A rival stadium project that has emerged to the Tasmanian Government-backed venture which is designed to house a new Australian Football League (AFL) franchise in Hobart has gained the backing of Hobart City Council.
The Council has voted in the majority to provide in-principle support of Stadia Precinct Consortium to progress their proposal for a stadium at Regatta Point. Plans for the rival project, under the name ‘Stadia 2.0’, were revealed in October and have been drawn up by Paul Lennon, who was Tasmania’s Labor Premier between March 2004 and May 2008, and Tasmanian engineer Dean Coleman.
Whilst a new multi-purpose stadium with a retractable roof is at the heart of the proposal, the Consortia said its approach is to view the “once-in-a-lifetime opportunity” as an Urban Renewal Project, and more than just an AFL stadium, with a forward-thinking and broader focus on the way Tasmanians live, work, and play.
With this mind, the Consortia outlined plans for the site to house a private hospital, with an additional health facility in the initial design phase, residential development, meeting and convention facilities, hotel(s), restaurant/retail and other commercial tenancies.
The complex would be developed on further reclaimed land in the River Derwent, at a site previously targeted for the venture, using private sector financing. Plans to obtain an AFL franchise through a stadium complex at Macquarie Point were unveiled back in 2019. However, the Tasmanian authorities then switched focus to a site at Regatta Point before eventually reverting back to the nine-hectare Macquarie Point site, which was reported to be the AFL’s preferred site.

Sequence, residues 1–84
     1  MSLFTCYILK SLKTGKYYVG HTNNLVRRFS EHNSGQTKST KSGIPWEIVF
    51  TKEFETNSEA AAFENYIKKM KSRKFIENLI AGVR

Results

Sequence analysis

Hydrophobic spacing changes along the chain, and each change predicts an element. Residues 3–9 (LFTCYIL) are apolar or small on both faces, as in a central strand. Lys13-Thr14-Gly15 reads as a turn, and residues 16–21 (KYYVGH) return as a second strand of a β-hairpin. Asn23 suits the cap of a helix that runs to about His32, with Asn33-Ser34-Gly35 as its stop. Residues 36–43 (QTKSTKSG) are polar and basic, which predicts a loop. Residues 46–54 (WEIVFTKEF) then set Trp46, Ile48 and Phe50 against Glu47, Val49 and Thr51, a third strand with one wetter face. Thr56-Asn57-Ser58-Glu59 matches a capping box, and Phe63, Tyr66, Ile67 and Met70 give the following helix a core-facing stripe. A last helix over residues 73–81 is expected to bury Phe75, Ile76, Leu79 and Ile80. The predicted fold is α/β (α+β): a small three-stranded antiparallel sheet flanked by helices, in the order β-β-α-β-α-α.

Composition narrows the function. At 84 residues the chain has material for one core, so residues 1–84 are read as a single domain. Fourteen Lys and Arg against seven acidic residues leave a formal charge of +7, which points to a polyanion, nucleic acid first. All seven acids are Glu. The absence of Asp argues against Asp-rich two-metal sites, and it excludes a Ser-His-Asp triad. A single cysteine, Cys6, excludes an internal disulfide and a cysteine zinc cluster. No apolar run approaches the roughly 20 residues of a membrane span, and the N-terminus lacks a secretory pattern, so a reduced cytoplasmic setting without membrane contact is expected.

In a statement explaining its decision, Hobart City Council said: “The Council decision recognises that it is a condition of the state government’s consideration of the Stadia 2.0 proposal that, among other things, it receives the in-principle support of the Hobart City Council.
“Council’s decision is to provide in-principle support and land lord consent for Stadia Precinct Consortium Pty Ltd to progress their proposal through a formal planning assessment phase.”
The Council said its decision is subject to two key considerations and conditions. Firstly, that the Council’s support is not at the exclusion of any alternative proposals for Regatta Point. Secondly, that the ongoing support of the Council is conditional upon the preparation of a further report containing qualified advice about the proposal and the request for in-principle support of the disposal of public land in accordance with Council’s probity policy. Any disposal of public land will require a separate decision.
The currently proposed stadium could boost the local economy by more than A$2.26bn (£1.17bn/€1.37bn/$1.49bn) over its first 10 years, according to a cost-benefit analysis of the controversial project that was released in September.
Construction of the A$715m waterfront stadium was a condition of the AFL granting a licence to Tasmania in May for a team that is lined up to enter the competition in 2028. However, the 23,000-seat roofed stadium deal, which is backed by the Liberal state government and terms of which were released later in May, has attracted strong opposition from locals.